Obviously, no amount of compensation can replace the life of a loved one. However, recovering damages from responsible parties can help ease the financial burden and worry that families suffer from the loss of their loved one’s income.

Who Is Liable?

In many motor vehicle accidents, fault, and consequently, liability, may be placed on the driver who caused the accident. However, in some cases, other parties may also be responsible for the accident. Accidents can happen for a wide range of reasons, even when drivers are abiding by traffic laws. At times, other parties may contribute to the accident.

For example:

  • If more than one vehicle crashes at the same time, Vehicle A could hit Vehicle B, causing Vehicle B to hit your loved one’s vehicle. In this situation, family members may be entitled to file a claim against the drivers of both Vehicle A and Vehicle B. Additionally, if you only have a claim against Vehicle B, Vehicle B may have a claim against the driver of Vehicle A.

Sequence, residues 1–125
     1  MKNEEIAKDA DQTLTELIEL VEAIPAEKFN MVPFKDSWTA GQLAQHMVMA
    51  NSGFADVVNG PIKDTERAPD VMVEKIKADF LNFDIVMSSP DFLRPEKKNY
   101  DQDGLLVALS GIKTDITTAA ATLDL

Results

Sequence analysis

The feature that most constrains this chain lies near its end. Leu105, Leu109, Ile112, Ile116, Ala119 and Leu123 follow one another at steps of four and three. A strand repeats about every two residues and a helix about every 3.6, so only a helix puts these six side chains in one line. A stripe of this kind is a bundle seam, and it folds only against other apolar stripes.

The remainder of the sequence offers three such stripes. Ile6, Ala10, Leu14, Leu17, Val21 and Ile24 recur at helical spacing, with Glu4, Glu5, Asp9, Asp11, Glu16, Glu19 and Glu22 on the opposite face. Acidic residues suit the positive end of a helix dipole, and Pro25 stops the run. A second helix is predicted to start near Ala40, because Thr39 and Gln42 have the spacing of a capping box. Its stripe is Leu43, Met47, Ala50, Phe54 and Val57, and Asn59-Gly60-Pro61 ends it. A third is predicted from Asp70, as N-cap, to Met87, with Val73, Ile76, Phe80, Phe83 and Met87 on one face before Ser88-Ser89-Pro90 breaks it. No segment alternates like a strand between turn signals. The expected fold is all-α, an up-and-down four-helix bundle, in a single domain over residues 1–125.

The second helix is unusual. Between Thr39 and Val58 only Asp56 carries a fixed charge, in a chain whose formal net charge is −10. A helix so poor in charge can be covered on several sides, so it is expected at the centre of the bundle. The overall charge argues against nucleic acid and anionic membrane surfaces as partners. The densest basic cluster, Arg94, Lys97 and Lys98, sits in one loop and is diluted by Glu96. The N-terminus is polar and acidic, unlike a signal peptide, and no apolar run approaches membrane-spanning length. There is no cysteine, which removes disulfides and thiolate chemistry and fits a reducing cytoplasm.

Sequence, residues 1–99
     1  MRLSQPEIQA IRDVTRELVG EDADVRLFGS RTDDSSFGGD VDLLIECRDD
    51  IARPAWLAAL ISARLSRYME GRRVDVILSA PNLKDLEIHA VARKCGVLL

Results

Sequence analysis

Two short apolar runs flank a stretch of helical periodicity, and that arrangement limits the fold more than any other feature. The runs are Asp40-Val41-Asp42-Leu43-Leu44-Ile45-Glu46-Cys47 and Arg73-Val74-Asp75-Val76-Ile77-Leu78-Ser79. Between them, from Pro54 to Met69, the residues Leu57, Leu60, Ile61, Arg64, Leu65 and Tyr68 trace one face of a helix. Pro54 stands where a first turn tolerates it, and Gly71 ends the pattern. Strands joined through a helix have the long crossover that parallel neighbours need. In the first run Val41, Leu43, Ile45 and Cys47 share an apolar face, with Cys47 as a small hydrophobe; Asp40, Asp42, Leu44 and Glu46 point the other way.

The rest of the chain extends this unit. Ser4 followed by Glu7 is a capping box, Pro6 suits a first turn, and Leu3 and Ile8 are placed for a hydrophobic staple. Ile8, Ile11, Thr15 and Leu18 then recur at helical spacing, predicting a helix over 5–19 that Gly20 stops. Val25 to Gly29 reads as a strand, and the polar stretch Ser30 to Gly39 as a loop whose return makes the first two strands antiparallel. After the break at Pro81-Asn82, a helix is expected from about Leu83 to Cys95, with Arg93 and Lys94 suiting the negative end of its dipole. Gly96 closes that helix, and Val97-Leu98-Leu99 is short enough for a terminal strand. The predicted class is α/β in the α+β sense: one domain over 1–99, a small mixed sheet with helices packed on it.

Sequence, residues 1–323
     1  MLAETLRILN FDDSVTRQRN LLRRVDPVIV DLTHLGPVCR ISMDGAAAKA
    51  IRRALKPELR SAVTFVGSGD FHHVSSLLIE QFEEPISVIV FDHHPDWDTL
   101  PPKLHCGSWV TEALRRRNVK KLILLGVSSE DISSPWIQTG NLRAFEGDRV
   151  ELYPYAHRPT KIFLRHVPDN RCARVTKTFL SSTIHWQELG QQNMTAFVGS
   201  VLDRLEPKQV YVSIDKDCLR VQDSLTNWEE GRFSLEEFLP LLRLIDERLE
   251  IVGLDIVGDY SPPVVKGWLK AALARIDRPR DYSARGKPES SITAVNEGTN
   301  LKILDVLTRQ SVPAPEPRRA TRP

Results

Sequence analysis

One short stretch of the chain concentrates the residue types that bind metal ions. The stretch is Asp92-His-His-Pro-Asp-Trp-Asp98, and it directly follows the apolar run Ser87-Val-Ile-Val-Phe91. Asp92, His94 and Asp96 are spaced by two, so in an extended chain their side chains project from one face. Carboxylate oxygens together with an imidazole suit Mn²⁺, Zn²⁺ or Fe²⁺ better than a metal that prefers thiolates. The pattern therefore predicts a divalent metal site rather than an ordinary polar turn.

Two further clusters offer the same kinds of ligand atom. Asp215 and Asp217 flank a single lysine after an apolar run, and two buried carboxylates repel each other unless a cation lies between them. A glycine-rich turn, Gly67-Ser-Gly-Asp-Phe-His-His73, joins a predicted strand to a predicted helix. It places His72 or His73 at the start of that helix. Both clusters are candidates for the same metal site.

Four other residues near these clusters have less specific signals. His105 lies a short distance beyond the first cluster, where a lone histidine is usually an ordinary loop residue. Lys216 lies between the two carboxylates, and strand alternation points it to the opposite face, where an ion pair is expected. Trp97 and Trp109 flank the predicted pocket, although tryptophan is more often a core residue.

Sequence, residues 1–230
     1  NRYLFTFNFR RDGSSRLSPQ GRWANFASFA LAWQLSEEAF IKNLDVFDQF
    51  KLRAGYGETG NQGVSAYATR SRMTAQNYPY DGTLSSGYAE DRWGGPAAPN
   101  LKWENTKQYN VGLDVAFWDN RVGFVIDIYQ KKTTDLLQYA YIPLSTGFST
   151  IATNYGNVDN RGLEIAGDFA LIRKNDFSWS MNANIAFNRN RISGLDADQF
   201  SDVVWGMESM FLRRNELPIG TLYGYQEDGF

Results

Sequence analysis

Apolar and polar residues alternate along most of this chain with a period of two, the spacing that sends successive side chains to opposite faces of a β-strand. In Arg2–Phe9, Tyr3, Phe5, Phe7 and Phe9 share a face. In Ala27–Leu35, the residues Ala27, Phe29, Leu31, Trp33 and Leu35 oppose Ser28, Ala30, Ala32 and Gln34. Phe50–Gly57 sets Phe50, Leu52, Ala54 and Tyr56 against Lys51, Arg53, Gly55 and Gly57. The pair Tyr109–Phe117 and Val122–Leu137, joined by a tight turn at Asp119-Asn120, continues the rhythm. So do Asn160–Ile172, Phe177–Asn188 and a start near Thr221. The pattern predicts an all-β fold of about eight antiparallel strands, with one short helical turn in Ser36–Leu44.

• A pedestrian or a bicyclist walking or riding erratically or unexpectedly moving into the path of the car that hit you may share liability for the accident. Even though the other party was not directly involved, if their actions caused a driver to collide with your vehicle, they may be responsible.
  • The state or county agencies responsible for road maintenance may be liable for an accident caused by inadequate road conditions.
  • An establishment that serves alcohol may be implicated if they over-served a customer who’s impairment caused an accident.
  • Employers that “encourage” drivers to make deliveries in unreasonable amounts of time or ignore hours of service regulations may share responsibility for accidents caused by their employees.